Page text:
have to go to the justice department and take everything to court and it would just be a more sort of convoluted complex legal process. so, anything the justice department does is going to have more teeth than congress, both in the way of subpoenas and bringing anybody in to testify. >> so -- how likely is it that the former president would try to just invoke executive privilege? and how would that play out? >> certainly, he can. now, look, regardless of the fact that these individuals where the daughter and son-in-law of the president, they were still senior advisers to the president of the united states. some conversations that they would have had with the president are desperately going to be protected on account of the role. so many side why they were there and what people think about how they got appointed and so, on the right house senior staff -- now, look, not every conversation you have with an individual is going to be
protected. think about. it if they were talking about that hang mike pence conversation, is that really within the scope of their duties as an aide to the president? or policy related decisions with regard to the president? no. it's a criminal investigation. and there's going to be a very gray area here, anderson, that the court is going to have a slice up and decide, was this within the scope of your duties as an aide? or were you serving a candidate who also, by the, way happen to be your father? >> if it was in the scope of their duties, and yet it is also jermaine to a criminal investigation, where does the? where does that? fall >> right. these are hard legal questions. like you were saying, with sara murray. they're unusual and i've never come up before. look, most of the time the executive branch would have been the need to the criminal process. this, we came and saw, there's
40 or 50 years ago in the context of richard nixon -- so, necessarily, if there is a criminal investigation this is jermaine information. it ought to be provided to law enforcement. but again, it is a little bit blurry when you talking about white house staff who might have matters that sort of touch policy but also don't. but again, the big takeaway here is that merely working in the white house or, frankly, merely being the president of the united states, can't be a shield to ever being investigated or participating in an investigation into criminal conduct. >> the timeline of what it would take to go through a battle over executive privilege on this -- i mean, what is that? >> so, look. there is the practical timeline in the legal timeline, anderson. the legal timeline -- it's indefinite. jack smith, by virtue of being special counsel, can out-live the attorney general and stay on the job for years. now, look -- we live in the real world. and if at the end of the day there is a big political election coming up and the former president's himself may well be a candidate, and all of this becomes more complicated and use the words you and sarah said a moment ago, more unusual in about. here i think they have an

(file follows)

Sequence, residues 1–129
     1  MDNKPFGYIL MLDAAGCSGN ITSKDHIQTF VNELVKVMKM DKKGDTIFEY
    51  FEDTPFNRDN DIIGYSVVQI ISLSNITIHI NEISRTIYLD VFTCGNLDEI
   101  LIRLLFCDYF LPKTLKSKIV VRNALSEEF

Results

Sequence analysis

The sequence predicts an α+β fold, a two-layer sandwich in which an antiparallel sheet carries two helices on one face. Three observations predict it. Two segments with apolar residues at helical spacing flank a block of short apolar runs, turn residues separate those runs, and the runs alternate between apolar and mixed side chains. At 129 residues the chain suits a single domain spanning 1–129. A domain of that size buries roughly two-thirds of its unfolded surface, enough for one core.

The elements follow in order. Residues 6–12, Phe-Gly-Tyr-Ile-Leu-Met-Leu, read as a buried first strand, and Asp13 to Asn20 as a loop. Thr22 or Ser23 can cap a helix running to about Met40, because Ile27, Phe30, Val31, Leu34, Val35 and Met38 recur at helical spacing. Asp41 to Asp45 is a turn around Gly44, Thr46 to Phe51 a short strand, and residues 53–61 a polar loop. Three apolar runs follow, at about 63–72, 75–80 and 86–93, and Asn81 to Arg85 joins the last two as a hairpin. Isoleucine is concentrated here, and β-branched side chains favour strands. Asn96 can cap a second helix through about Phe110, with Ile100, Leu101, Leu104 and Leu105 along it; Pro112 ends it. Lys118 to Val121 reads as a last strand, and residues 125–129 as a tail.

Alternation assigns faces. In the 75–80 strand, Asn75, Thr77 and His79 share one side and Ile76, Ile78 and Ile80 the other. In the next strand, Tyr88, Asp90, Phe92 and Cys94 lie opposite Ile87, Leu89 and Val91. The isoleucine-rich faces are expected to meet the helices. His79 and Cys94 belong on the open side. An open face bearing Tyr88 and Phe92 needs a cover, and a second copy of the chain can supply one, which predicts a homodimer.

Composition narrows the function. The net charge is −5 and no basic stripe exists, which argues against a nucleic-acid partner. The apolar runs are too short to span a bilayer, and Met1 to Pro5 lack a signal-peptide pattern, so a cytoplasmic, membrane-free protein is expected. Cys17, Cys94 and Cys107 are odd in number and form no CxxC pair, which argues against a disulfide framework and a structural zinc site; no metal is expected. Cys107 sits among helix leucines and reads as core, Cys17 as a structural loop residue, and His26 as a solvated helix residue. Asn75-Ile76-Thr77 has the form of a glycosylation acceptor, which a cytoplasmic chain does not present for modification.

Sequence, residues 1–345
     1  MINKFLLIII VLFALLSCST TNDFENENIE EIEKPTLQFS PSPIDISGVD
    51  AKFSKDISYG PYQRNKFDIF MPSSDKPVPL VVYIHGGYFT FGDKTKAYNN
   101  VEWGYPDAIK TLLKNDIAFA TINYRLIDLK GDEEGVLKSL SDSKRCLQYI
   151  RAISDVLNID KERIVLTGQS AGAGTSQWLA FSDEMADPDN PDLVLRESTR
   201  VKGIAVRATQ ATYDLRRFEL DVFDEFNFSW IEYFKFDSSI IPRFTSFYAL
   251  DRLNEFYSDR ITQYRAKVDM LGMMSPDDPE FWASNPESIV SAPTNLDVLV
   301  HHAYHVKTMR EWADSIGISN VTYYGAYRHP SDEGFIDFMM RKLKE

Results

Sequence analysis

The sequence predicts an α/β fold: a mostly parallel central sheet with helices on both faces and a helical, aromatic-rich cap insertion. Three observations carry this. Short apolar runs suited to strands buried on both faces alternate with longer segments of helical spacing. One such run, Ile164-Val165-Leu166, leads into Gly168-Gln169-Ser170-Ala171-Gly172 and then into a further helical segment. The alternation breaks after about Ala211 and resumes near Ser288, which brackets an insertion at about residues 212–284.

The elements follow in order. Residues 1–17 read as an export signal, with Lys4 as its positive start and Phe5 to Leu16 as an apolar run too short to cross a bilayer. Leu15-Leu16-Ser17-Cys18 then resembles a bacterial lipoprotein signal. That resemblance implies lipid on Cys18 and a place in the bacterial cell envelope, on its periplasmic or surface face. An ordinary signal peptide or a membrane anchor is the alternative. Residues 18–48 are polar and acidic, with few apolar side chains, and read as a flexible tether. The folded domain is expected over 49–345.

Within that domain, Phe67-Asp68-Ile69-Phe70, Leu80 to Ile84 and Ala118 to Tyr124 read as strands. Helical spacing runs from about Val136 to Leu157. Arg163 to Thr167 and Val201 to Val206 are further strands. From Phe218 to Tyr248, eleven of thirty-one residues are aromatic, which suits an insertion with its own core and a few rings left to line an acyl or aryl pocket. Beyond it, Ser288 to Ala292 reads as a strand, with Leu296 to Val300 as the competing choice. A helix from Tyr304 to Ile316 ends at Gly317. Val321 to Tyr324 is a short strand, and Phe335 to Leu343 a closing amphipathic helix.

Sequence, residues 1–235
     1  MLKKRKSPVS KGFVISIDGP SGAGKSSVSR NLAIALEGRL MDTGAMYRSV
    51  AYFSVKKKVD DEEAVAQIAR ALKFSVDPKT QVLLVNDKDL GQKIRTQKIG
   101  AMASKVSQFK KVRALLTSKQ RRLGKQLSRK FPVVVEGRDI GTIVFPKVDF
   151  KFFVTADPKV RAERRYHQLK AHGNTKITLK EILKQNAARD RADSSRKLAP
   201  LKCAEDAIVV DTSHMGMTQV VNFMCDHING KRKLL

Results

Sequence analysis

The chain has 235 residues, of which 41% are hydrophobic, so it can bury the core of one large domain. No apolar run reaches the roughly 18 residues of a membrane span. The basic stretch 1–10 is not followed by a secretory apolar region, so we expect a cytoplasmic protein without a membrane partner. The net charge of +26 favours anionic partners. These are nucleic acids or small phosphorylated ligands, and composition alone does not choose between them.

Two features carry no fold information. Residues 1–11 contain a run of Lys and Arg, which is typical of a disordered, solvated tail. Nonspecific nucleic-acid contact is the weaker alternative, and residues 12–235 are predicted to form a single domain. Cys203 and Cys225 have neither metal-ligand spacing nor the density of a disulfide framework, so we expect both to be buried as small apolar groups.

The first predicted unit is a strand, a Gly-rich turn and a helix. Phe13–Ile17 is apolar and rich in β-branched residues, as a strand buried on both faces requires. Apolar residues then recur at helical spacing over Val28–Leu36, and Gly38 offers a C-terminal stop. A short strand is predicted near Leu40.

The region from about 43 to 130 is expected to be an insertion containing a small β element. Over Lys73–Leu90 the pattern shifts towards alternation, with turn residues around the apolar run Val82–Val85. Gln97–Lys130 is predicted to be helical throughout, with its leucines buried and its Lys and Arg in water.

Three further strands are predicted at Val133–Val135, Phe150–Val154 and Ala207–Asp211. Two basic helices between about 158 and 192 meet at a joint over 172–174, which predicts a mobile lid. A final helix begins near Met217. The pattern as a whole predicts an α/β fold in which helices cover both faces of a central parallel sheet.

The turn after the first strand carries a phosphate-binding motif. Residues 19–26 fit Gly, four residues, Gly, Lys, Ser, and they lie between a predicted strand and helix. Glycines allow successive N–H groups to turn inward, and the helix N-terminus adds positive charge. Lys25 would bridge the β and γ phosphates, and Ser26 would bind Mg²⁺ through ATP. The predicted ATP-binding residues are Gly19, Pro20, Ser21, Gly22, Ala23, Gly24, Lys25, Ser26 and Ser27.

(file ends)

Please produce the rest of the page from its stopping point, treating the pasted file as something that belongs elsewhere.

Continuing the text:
interest in moving things along pretty quickly. >> obviously, the special counsel is not just investigating january 6th. also, it's the mar-a-lago documents case. it's not clear how much ivanka trump and jared kushner would know as witnesses related to documents. >> but, look, they clearly have proximity to the president. and the law, at least under federal law, does not create a privilege for merely being the daughter of somebody. conversationwith under o enforcement. nnforcement. somebody a and isbe violati doing. so >> all rig a > train with i ohio, deefforts, cnn's miguel -- has the latest on next. among my patients, i often see them have teeth sensitivity as well as gum issues. does it worry me? absolutely.
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>> tomorrow, the national transportation safety board is set to release its from 11 to report on the train wreck nine days ago in east palestine, ohio, that force a temporary evacuation in a control release of toxic fumes. transportation secretary pete buttigieg is scheduled to visit more. this comes as the epa threaded to the trained operator, norfolk southern, saying they
can find them $75,000 a day if they fail to clean up and pay for the wreck. the incident is also become increasingly political. the former president visited the area today just ahead of secretary buttigieg's visit. in just a minute, cnn is going to host a town hall with residents of east palestine and their state's governor, mike dewine. but first, cnn's miguel marquez has the latest on the ground. >> a massive effort is underway to clean up creeks and water flowing in and around east palestine, ohio. >> it is decimating our businesses. >> it's dirty, difficult and slow going work. for those living here, building trust that the water and air is safe, and slow going is the cleanup itself. >> it took norfolk southern, three days, four days, for us to get a partial list. vinyl chloride, beautiful actor late and benzene -- with a heller combustible